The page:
I conducted side-by-side chicken albondiga trials, pitting my matzo albondigas against versions made with rice, masa, and even a combination of matzo and masa. Only the pure matzo meal-based albondigas had that special, fleshy quality, reminiscent of Mom's matzo balls or Dahlia's albondigas.
If you are attending a serious, traditional Passover seder, I don't recommend bringing these albondigas and attempting to pass them off as matzo balls, as not all Passover veterans are as tolerant as my mom. But you could bring them to a Mexican party, call them albondigas, and be fine.
This recipe is meant to be made in concert with chicken soup. A few tablespoons of the broth are added to the meatball mixture, and the balls are then simmered in the broth.
Most albondigas recipes don't include pecans. But as they are abundant in crypto-Jew country, I included crushed pecans as an option. Albondigas are typically flavored with oregano or mint, but I’ve substituted parsley, a Passover staple.
Makes 15 golf ball-sized spheres
¾ cup matzo meal
½ teaspoon black pepper
1 teaspoon salt
½ teaspoon garlic powder
a pinch of nutmeg powder
Optional: 2 tablespoons crushed pecans
1 lb ground chicken or turkey
½ cup minced parsley
1 tablespoon minced garlic
2 eggs, beaten
4 tablespoons hot chicken soup broth
Mix the dry ingredients in one bowl, and the parsley, garlic, meat and egg in another. Combine the contents of both bowls and mix well. Refrigerate for at least minutes. Form the batter into walnut-sized orbs.
Mom's* chicken soup
*The only alteration I have made to the soup she has made forever is the addition of lemon. She respects the change, but does not endorse it.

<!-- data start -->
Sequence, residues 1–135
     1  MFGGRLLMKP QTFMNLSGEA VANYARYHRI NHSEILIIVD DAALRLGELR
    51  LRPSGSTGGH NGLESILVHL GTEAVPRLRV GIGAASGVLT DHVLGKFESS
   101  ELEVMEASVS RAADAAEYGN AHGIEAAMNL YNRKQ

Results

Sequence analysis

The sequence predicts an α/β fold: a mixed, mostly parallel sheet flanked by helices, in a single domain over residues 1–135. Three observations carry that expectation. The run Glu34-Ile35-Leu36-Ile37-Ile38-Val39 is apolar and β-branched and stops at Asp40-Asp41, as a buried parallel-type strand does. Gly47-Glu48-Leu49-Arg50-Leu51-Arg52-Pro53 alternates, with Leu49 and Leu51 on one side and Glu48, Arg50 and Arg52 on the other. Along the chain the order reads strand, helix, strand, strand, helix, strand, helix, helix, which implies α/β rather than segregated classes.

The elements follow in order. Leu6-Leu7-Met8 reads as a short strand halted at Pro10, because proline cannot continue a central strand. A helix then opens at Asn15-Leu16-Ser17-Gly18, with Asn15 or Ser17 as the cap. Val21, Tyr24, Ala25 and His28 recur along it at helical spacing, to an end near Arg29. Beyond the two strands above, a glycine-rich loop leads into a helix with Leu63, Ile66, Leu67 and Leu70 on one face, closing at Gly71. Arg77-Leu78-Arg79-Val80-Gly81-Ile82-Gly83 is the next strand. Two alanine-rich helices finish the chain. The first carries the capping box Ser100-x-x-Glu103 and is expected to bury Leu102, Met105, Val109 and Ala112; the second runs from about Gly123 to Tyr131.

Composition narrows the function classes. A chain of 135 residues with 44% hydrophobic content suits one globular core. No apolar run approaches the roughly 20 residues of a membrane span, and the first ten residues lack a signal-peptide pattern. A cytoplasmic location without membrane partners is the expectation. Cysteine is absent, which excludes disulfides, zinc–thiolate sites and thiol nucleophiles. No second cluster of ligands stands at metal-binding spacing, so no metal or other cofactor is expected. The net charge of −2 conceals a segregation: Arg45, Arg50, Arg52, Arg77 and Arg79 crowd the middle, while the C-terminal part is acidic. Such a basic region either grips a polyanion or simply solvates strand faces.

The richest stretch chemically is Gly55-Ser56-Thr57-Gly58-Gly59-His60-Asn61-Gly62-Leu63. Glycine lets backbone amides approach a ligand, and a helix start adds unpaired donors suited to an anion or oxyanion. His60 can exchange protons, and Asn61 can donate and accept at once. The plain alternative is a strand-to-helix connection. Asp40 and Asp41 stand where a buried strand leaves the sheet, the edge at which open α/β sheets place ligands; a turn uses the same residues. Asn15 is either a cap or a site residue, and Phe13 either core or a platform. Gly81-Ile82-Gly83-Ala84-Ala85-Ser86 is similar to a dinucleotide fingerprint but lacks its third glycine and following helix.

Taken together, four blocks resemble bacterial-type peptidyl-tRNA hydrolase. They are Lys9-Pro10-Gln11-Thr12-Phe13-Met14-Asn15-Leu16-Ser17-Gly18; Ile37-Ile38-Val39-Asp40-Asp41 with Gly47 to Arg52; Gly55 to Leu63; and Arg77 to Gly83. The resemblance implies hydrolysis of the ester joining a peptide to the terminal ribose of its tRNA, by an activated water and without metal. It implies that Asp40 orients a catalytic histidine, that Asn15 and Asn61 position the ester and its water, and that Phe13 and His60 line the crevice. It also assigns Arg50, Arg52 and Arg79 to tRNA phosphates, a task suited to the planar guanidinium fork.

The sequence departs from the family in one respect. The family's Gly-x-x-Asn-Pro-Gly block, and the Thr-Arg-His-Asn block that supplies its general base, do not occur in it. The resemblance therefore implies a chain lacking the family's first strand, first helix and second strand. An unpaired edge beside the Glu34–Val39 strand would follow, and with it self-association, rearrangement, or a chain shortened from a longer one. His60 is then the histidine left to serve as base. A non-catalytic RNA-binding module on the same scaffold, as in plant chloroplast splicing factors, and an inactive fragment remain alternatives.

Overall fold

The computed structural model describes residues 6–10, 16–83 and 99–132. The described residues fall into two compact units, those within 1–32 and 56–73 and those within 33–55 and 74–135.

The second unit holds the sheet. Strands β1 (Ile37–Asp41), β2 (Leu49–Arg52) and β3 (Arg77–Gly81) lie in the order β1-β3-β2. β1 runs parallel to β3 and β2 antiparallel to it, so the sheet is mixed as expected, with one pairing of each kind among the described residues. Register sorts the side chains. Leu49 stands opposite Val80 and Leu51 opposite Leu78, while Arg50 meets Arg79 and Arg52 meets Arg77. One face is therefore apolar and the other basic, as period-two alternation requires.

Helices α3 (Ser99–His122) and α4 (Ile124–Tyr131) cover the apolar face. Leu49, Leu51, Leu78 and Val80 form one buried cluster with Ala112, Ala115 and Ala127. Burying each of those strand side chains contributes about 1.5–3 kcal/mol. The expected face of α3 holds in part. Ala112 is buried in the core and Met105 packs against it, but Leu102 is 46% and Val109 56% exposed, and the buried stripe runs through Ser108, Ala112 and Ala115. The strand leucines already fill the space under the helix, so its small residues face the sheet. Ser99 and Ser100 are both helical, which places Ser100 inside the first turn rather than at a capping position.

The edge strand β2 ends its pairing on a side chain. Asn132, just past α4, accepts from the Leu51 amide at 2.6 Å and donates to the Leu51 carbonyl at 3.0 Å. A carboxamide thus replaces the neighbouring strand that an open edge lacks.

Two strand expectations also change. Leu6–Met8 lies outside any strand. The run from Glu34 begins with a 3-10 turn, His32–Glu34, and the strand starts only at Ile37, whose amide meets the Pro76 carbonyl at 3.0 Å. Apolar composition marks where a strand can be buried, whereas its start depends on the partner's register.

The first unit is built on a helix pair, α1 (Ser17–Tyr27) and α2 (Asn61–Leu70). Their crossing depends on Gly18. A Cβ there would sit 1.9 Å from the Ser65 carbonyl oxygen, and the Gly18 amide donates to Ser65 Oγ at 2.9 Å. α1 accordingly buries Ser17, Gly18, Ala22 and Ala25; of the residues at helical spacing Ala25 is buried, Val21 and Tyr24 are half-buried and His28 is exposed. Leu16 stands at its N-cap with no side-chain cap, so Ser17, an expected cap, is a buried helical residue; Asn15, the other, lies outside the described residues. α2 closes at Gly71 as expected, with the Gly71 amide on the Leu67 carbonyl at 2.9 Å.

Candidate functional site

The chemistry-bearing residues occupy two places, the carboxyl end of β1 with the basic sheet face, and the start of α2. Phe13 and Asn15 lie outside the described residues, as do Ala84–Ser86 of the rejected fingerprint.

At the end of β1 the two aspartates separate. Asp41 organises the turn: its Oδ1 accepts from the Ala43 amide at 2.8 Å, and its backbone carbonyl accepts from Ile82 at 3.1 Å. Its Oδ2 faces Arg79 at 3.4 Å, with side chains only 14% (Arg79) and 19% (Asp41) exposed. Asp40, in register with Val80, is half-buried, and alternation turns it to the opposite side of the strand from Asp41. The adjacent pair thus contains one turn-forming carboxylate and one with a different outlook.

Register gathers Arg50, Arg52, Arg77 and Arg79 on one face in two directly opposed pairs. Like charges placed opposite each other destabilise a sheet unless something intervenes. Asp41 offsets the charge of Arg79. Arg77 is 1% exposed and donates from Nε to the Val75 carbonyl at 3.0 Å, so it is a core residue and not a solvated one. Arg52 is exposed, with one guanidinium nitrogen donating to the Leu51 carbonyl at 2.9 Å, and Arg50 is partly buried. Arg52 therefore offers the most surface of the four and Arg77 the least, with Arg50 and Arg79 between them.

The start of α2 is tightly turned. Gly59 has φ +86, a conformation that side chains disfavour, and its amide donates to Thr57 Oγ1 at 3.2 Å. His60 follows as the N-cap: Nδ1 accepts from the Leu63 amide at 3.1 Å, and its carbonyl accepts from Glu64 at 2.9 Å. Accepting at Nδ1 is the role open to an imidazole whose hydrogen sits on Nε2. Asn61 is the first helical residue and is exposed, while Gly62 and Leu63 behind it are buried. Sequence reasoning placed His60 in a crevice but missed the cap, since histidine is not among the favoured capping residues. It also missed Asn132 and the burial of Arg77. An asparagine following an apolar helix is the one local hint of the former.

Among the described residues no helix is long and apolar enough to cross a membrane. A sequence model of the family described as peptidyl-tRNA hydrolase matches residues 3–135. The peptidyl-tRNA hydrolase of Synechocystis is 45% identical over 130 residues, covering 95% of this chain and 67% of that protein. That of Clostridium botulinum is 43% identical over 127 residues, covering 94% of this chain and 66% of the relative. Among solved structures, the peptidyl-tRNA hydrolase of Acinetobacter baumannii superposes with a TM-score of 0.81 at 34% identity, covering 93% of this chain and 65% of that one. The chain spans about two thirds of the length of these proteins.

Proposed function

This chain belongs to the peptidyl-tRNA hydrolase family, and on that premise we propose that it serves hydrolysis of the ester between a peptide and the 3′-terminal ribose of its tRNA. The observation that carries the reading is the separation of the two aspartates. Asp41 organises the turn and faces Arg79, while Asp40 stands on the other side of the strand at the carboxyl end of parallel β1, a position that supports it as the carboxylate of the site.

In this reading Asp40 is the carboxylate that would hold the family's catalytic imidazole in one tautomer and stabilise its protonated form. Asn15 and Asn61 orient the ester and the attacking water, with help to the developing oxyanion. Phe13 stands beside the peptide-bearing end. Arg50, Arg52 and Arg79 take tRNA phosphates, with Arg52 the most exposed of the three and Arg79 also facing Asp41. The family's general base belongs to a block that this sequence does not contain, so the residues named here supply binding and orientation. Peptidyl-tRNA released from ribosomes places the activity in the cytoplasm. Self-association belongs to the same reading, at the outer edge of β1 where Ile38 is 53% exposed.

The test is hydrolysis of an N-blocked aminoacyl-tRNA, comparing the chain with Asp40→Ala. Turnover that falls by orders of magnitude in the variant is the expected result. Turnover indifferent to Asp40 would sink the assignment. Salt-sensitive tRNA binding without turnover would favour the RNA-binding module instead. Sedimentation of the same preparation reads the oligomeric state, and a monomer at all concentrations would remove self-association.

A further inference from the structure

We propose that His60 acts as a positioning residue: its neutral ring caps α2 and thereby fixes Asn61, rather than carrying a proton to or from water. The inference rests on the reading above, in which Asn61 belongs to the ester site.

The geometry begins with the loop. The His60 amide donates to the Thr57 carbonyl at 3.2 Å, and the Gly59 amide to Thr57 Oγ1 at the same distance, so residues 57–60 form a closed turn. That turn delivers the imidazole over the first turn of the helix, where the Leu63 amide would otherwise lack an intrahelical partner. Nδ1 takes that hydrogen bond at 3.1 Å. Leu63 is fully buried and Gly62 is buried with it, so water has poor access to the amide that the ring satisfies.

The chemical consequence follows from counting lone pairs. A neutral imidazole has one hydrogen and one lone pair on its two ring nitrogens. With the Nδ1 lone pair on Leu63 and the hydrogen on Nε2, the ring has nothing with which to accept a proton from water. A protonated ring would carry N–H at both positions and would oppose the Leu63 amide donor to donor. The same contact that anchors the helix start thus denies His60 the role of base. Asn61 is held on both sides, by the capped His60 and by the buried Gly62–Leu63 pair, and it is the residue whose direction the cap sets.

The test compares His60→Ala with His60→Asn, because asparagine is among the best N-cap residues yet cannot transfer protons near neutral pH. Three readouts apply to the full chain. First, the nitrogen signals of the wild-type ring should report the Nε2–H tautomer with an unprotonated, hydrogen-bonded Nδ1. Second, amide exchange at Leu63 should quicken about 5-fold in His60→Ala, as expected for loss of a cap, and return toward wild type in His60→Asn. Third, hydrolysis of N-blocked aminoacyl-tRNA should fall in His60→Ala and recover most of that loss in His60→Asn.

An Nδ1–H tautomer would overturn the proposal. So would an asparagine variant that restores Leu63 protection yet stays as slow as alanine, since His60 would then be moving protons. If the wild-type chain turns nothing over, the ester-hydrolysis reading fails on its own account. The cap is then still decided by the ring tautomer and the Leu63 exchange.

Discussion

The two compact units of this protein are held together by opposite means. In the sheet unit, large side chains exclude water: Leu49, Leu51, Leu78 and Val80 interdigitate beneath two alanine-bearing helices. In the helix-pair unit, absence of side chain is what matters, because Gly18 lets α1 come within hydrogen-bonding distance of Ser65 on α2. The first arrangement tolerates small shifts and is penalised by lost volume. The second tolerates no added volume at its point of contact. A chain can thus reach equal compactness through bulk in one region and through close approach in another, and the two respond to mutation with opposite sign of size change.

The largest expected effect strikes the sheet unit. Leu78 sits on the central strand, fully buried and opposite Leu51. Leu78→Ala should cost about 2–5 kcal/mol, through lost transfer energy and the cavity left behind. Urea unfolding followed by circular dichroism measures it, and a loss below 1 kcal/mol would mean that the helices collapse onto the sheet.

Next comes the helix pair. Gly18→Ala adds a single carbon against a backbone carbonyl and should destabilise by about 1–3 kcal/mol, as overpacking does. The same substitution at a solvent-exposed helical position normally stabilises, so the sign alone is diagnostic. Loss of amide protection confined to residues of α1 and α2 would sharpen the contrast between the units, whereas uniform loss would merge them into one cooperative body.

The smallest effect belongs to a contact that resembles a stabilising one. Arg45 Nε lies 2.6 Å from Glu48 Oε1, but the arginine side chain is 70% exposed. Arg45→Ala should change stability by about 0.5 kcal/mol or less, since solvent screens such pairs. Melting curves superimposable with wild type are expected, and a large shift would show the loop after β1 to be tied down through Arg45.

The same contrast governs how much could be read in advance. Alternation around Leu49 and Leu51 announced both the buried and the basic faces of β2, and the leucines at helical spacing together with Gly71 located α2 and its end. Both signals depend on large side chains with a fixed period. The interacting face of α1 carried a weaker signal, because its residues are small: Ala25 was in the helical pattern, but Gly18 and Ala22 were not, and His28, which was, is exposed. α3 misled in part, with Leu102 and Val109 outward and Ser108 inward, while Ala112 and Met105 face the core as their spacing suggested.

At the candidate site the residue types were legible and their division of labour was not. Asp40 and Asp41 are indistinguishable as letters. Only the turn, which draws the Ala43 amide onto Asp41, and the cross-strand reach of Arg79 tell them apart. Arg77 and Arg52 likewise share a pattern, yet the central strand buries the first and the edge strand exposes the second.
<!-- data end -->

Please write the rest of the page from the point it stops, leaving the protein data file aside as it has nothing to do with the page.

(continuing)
I use a removable pasta boiler, which is basically a strainer that fits in the pot, for the chicken bones. That way I can cook the bones in the stock as long as I want and easily remove them just by pulling out the strainer. If you don’t have one, pick out the bones or let them settle to the bottom of the pot, and be careful not to serve them with the soup.
Serves a whole party
One chicken (could be a store-bought rotisserie chicken if you're pressed for time)
Salt and garlic salt and pepper to season the chicken
5 quarts water
1 onion, unpeeled, cut into quarters
2 carrots, chopped for soup (about 2 cups)
3 celery stalks, cut for soup (about 2 cups)
3 tablespoons dried dill
Parsley stems leftover from matzo ball making
Juice of one fresh lemon
1 teaspoon salt, plus more for the final seasoning
Sprinkle the chicken with salt, garlic powder and and black pepper, and bake at 325 for about two hours, periodically turning and/or basting the bird until it's as soft as a rotisserie chicken from the store. (Or just bring one of those home.) When it's cool enough to work with, remove the meat from the bones and refrigerate the meat.
Heat the water and add the bones, cartilage and tendons, and as much skin as you wish, as well as the pan drippings (or bag drippings), and simmer for an hour minimum. Add the vegetables, lemon juice, salt, dill and any chicken meat you haven't already devoured, and cook for another 60 minutes. Season with salt and dill.
Drop the matzo balbondigas, as it were, into the chicken soup and simmer, covered, for about 30 minutes. Remove them until serving time, and put them back in the soup to heat before serving.